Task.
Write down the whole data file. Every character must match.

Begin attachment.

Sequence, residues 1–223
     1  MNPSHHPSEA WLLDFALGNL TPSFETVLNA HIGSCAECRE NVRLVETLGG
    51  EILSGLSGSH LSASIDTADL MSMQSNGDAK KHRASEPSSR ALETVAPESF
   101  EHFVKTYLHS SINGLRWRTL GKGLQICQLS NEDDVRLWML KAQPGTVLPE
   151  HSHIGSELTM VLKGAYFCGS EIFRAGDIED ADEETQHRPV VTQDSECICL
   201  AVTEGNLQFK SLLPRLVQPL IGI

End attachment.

Sequence, residues 1–223
     1  MNPSHHPSEA WLLDFALGNL TPSFETVLNA HIGSCAECRE NVRLVETLGG
    51  EILSGLSGSH LSASIDTADL MSMQSNGDAK KHRASEPSSR ALETVAPESF
   101  EHFVKTYLHS SINGLRWRTL GKGLQICQLS NEDDVRLWML KAQPGTVLPE
   151  HSHIGSELTM VLKGAYFCGS EIFRAGDIED ADEETQHRPV VTQDSECICL
   201  AVTEGNLQFK SLLPRLVQPL IGI